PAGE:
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St. John’s goes big, Joel Soriano stays home

Soriano hopes to emerge on the Big East level as an impact player; St. John’s plugs a perennial hole

Atlantic 10 Men’s Basketball Tournament - First Round Photo by Mitchell Leff/Getty Images

Early yesterday afternoon, Coach Mike Anderson flashed the storm-signal on Twitter, indicating impending good news in the men’s basketball program.

Soon thereafter, Fordham transfer Joel Soriano made the following announcement:

Yes, the 6’11”, 250 lb Soriano will be taking his talents across the Throgs Neck Bridge to Queens. The Yonkers native was a sophomore last season at Fordham, and will have at least two years’ eligibility if not three if he chooses.

A high-usage post player and a top offensive rebounder in the Atlantic-10 conference for struggling Fordham, Soriano will step onto St. John’s campus as the first big-bodied banger the school has seen since Sedee Keita struggled to stay healthy for the Johnnies in Chris Mullin’s final season.

For a team that that finished last in the Big East in rebounding margin and 247th in the country in the same category, having an experienced big on the team should help tremendously.

For Fordham last season, Soriano started all 14 games for the Rams, averaging 10 points, nine rebounds and just under one block per game. He grabbed 13 rebounds on three occasions. Much of his scoring was close to the rim, but he also shot 43% on shots outside of the paint. His turnover rate was a bit high, and he is a career 62% free throw shooter, but the skills to make an impact in the Big East are there.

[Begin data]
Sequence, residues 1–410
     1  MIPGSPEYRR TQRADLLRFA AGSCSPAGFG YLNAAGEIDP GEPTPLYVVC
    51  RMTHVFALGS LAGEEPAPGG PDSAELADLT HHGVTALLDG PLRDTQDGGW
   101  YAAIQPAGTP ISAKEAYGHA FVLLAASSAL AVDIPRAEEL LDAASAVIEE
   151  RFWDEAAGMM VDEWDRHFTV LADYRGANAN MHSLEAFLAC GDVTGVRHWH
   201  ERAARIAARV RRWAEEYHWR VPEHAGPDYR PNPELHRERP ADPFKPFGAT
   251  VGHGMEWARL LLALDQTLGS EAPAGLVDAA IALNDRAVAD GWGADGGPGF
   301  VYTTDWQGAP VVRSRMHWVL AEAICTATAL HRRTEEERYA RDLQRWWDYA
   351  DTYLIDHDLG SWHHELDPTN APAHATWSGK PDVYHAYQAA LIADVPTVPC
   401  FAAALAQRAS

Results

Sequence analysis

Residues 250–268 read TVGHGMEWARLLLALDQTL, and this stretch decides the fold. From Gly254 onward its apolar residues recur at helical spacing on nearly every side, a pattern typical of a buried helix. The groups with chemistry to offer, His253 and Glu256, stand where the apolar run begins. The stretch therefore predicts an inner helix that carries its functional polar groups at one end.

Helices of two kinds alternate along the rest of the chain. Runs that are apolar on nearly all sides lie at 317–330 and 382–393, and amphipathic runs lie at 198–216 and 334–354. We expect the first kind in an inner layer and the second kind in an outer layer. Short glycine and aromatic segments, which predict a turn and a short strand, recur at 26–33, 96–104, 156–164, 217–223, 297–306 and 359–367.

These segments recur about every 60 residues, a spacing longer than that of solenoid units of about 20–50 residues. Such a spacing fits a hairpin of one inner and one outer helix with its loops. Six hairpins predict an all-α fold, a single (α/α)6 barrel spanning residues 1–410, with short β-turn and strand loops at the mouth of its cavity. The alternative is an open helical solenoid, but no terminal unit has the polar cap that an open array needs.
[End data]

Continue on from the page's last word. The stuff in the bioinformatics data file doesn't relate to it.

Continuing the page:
Scouting Joel Soriano

Offensively, when Soriano gets deep post position on smaller defenders, he can capitalize.

Hoop Mixtapes

Additionally, Joel does appear to have a pretty good looking catch-and-shoot midrange shot.

Hoop Mixtapes

However, Soriano is limited to catch-and-finish situations, and likely should be confined to a one dribble max in the post.

Hoop Mixtapes

Despite the make, it follows a spin into two defenders. Soriano also has a propensity to bring the ball down unnecessarily, contributing to his turning the ball over twice as often as he records an assist.

How many minutes can Soriano play per game? Soriano is coming from a Fordham team that ranked 341st in the country in pace to a St. John’s team that ranked 14th. Playing with pace will be an adjustment; conditioning could be a factor, but also offensive opportunities will emerge in transition or will require a quick move, not always a post-up then wait then go to work opportunity.

The quickness of the offense might give him a boost, as defenses will not always be set as they were against the more deliberately-paced Fordham offense. It may also be useful to remember that Mike Anderson had great success with now-NBA centers Daniel Gafford and Bobby Portis, along with Moses Kingsley — all at Arkansas.

Secondly, Soriano averaged 5.4 fouls per 40 minutes. While his minutes will likely resemble the 26 minutes per game he average for the Rams, Joel’s defensive discipline will need to improve because at St. John’s pace, he will be participating in more defensive possessions.

St. John’s added a big man who plugs the team’s rebounding void and whose warts can be readily improved prior to graduation. The additions of Soriano and Aaron Wheeler from Purdue, in addition to the incoming freshmen O’mar Stanley and Drissa Traore, Mike Anderson will have the most front court depth he has had since he started at St. John’s.